Access to any Supreme Court Case: Just a Few Clicks Away!

In this post our SpicyIP intern, Gaurangi Kapoor writes on the recently launched e-SCR platform, highlighting its key features. Gaurangi completed her LLM in IP and Technology law from Jindal Global Law School in 2022. Her current areas of interest are copyright, design and artificial intelligence.

Access to any Supreme Court Case: Just a Few Clicks Away!

Gaurangi Kapoor

Our readers may recall  a recent post on the takedown of the IPAB website and disappearance of the relevant information published on its website including orders, guidelines etc. (see here and here). However, in a welcoming and refreshing development towards accessibility, judgements from 1950 to 2021, delivered by the Supreme Court of India are now digitally available without any fee or cost. 

eSCR Project

The Supreme Court, launched  the electronic-Supreme Court Reports Project (e-SCR Project), a publically available platform where any person can find a judgement from the Supreme Court amongst the corpus of about 34,000 judgements passed between1950 to 2021, as reported by livelaw. Accessing this platform is relatively easy and it functions similar to a regular search engine, albeit it requires a captcha before each search. The platform/website contains the soft copies of all the judgements passed by the Supreme Court of India and as reported in the Supreme Court Report uptil 1 January 2022 in a pdf format. On running a few test searches on the platform, it seems intuitive and easy to use. With a simple user interface, all the relevant information related to a judgement is made available to the user such as date of the decision, status of the case and case number.

It may be somewhat surprising to know that such a feat was accomplished in merely two weeks. The team responsible for the Project comprises the officials of the Judges’ Library and Editorial Section and NIC Pune which helped in the development of the search engine. Unlike other common platforms available for case law search, such as paid databases and websites of the respective Courts, the e-SCR platform is both free of cost and significantly user friendly. (The notable mention/exception here is, of course, IndianKanoon, which has been providing free access to case laws for several years now). The e-SCR’s  elastic search facility allows a person to carry out searches with free text and phrases unlike the eCourt facility which often requires knowledge of case number and other technicalities. Additionally, it has an explicit screen reader access that will allow persons with visual impairments to access the copies of the judgments.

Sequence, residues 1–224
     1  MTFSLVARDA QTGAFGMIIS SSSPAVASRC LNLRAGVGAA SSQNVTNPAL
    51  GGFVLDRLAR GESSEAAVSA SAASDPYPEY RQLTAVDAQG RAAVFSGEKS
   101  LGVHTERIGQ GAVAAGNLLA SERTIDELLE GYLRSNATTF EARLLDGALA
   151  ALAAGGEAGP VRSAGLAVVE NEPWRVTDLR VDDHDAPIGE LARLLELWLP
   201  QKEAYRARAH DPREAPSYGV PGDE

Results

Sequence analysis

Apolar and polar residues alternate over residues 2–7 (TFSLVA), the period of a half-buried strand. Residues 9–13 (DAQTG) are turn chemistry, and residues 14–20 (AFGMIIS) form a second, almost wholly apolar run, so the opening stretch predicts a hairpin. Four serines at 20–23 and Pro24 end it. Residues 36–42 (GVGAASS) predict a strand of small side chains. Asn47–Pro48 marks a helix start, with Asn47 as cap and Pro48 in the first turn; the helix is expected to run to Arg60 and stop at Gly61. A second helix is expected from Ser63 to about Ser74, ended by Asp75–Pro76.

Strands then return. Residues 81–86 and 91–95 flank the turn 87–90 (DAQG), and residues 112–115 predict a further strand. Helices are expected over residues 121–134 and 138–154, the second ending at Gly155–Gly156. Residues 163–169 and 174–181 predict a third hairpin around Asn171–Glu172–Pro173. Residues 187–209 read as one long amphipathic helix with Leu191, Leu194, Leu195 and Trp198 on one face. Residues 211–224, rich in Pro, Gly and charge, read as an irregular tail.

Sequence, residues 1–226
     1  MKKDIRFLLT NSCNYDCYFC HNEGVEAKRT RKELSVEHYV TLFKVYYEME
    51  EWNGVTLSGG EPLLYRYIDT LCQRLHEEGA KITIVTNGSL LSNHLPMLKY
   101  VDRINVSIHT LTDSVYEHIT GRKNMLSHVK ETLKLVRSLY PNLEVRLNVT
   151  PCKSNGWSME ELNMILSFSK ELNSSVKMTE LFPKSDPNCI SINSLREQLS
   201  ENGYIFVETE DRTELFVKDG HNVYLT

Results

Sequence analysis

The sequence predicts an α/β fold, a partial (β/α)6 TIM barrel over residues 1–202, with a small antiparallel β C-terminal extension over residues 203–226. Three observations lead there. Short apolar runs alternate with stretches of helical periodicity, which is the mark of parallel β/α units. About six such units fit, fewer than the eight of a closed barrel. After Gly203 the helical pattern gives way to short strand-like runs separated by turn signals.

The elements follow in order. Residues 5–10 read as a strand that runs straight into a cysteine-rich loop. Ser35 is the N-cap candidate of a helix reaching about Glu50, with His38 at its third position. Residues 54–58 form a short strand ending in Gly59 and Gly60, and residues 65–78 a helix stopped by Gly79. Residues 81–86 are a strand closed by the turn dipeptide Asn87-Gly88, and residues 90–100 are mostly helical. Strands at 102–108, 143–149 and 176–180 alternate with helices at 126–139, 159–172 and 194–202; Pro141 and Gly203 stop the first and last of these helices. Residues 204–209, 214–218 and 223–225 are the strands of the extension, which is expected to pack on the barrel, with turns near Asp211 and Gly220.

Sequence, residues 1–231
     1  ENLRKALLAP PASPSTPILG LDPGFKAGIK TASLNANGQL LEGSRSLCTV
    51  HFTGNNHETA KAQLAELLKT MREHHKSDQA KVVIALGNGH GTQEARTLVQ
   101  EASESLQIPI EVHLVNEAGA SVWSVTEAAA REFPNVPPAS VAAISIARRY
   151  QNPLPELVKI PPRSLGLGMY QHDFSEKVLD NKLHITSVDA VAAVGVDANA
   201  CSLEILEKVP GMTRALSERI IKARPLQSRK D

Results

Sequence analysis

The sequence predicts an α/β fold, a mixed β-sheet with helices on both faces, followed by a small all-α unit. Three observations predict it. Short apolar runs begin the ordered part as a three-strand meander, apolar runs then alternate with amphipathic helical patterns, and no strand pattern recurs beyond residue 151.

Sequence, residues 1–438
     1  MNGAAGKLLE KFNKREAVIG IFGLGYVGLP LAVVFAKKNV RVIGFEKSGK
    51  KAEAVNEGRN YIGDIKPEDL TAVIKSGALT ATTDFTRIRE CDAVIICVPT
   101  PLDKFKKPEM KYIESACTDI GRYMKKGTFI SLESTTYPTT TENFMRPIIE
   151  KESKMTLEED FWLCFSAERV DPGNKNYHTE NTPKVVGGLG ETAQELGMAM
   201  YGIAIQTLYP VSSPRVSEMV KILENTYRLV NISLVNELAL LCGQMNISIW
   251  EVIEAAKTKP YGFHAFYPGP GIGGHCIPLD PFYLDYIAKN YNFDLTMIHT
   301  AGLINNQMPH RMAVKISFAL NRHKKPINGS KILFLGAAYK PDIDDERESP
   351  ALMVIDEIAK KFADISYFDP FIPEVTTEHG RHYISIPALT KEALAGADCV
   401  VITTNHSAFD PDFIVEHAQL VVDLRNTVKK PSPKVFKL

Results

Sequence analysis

The eSCR project was introduced, “as a step towards the digitisation of the Indian Judiciary” and a free service facility for the lawyers to access SC judgements. At the risk of repeating the substance from my previous post, it is pertinent to mention here that tribunals are a key grievance redressal forum in the judicial delivery system. While relevant information published by most of the tribunals is still accessible, it is not the same case for those shut down by the Tribunals Reform Act 2021. Now let us hope that a similar framework also happens for the tribunals and they are not left behind from developments that take place in the Indian judicial system.  

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